- Despite having a degree in logistics, Thulani Makhuza can not seem to find a job
- This is because of a 'false' criminal record due to an incident that took place while he was still a high school pupil
- The 27-year-old said it would be a long process to clear his name
Thulani Makhuza's entire life is on hold due to an incident that left him with a criminal record he did not deserve.
The criminal record has since hindered his job opportunities, with companies refusing him employment because of it.
According to the 27-year-old, he grew up in a poor household in eMbalenhle, where his single mother tried to look after him with the wages she received from her job as a domestic worker.
However, they were struggling and by the age of 15, Makhuza started to work at his mother's employer's shop.
The owner and his family went on to adopt Makhuza, and he continued to work in their shop. However, one faithful day in 2011, after he returned from church, Makhuza saw police officers at the shop.
Ridgetimes.co.za reported Makhuza went to the mainhouse to ask his foster dad what was going on, to which he simply got instructions to go back to the shop and lock up.
“I went to the shop to do as I was instructed. Police officers wanted to know where my foster father, the shop owner, was. I told them he was in the main house and that he had instructed me to give them alcohol and to close the shop."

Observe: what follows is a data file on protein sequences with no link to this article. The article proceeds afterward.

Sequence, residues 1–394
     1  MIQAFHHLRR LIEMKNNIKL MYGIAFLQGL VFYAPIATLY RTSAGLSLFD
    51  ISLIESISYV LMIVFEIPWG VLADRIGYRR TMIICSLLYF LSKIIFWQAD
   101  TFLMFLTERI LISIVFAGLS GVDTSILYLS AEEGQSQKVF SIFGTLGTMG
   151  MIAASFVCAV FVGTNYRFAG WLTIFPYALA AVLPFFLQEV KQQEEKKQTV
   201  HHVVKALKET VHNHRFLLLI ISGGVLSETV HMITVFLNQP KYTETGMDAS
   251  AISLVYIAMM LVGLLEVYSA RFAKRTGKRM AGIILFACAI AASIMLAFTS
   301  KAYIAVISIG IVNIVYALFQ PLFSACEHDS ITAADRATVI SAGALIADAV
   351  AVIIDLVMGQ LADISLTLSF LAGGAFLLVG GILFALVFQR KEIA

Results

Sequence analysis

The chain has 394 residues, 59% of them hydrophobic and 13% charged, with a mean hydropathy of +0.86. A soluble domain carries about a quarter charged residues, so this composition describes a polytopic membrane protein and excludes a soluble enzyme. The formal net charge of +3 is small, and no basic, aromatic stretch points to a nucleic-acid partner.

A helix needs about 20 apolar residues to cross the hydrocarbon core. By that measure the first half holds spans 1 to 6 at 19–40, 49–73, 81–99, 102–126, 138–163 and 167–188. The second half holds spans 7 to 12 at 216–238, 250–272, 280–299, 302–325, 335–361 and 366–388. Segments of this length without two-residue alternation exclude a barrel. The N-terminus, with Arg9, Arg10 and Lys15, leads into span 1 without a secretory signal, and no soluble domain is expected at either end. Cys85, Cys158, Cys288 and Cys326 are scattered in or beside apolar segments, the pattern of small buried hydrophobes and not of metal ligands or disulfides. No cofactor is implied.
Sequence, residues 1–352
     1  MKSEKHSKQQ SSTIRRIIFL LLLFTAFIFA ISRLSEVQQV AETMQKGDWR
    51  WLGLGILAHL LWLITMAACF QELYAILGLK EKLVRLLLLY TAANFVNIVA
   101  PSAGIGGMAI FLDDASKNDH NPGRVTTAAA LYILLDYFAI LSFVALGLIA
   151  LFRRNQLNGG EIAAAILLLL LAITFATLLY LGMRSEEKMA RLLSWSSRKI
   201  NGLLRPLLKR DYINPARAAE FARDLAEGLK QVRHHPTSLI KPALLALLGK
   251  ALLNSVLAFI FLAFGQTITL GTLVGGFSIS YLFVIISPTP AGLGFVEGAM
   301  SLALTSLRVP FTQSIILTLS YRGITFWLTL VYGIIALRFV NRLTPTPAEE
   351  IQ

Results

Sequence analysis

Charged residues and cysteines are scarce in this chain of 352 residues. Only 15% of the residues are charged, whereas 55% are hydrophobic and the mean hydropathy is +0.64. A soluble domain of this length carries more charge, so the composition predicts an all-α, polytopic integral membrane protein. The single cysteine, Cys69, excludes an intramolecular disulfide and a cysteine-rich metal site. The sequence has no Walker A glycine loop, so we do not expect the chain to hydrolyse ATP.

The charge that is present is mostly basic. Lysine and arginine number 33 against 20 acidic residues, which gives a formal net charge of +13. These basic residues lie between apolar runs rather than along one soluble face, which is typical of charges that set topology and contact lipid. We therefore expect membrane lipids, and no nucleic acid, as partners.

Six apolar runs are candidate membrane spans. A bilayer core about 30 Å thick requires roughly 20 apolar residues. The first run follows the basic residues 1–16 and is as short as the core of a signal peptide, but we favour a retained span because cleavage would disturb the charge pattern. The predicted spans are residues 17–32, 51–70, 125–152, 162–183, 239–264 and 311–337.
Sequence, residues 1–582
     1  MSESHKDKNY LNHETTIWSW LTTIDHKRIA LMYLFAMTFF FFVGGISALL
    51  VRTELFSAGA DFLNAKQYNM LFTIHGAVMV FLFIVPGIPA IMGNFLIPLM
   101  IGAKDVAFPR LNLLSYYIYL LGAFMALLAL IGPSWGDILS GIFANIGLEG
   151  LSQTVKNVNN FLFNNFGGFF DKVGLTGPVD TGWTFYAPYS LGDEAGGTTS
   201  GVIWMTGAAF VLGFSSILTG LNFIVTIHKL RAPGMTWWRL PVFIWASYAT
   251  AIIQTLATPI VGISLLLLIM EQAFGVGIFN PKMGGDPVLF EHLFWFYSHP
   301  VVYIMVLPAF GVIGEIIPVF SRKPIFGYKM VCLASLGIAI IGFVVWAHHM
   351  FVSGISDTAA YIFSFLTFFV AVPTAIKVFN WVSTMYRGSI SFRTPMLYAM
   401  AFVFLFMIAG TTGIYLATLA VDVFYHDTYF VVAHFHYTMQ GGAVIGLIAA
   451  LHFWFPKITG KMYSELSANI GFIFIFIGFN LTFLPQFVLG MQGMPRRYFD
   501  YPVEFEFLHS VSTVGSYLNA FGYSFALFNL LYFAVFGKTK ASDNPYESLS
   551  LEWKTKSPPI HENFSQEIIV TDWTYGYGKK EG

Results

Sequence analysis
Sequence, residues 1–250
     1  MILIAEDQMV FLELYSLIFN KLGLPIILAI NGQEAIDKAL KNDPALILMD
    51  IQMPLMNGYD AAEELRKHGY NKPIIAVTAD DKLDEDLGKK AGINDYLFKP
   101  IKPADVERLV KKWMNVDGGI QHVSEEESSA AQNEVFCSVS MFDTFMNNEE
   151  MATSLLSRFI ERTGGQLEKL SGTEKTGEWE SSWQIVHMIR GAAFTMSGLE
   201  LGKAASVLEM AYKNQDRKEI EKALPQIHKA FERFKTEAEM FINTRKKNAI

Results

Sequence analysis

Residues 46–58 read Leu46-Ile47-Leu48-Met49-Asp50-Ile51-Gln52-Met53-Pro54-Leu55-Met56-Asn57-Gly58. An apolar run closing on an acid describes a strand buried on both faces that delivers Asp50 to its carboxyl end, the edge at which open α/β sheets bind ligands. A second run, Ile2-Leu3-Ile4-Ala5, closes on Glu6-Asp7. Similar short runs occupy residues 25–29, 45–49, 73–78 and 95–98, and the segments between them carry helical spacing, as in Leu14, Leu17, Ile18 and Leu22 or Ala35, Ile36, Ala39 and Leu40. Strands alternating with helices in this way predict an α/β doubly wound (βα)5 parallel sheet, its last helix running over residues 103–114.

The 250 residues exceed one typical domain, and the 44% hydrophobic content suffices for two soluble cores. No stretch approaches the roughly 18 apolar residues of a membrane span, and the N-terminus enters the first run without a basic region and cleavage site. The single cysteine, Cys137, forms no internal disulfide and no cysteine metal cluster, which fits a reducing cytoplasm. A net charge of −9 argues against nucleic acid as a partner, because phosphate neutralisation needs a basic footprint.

Makhuza said they searched for his foster father and tried to phone him, but after a while, when they could not reach the him, the graduate got arrested.
Makhuza said he was taken down to the police station under the false pretences that he was bait for his foster dad to come and fetch him.
However, things escalated quickly and before he knew it, they had taken his fingerprints and charged him with selling alcohol without a license.
“They then put me in a holding cell. I had to appear in the Evander Magistrate’s Court and I was found guilty of selling alcohol without a licence."
Makhuza said his foster father paid the bail, which was set by the court at R1500, and he was let go.
Being only a matric pupil and having his foster dad assure him that he did not have a criminal record, Makhuza continued with his life as normal.
He matriculated and went on to study towards a logistics diploma at Tshwane University of Technology.
After completing his diploma in 2016, he went on to study towards his degree in logistics, which he obtained a year later.
However, since he started job hunting, Makhuza found out that the unfortunate incident in 2011 left him with a criminal record.
Makhuza recalled getting a job at a company, but the day he was set to start, security refused to let him enter the premises because they found out about his record.
He has since not received a breakthrough and companies continue to turn him away due to the criminal record.
“Nobody is willing to help me and I do not know what to do. At times I even think of taking my own life because of this situation", Makhuza said.
Makhuza said he was an innocent kid trying to make a living, which was used to take advantage of him.
“I feel like I was framed and betrayed by the police and the shop owner", he added.
Makhuza's foster wife, who is no longer married to the shop owner, confirmed Makhuza's version of events.
Naledi Ngcina said her family and the SAPS failed Makhuza, adding she tried to stop them from arresting him that day in the shop, but they did not listen to her.
“I requested them not to arrest the child because they did not find him in the shop and that he was only a child, but they did not listen to me. I urge people to help this young man”, she said
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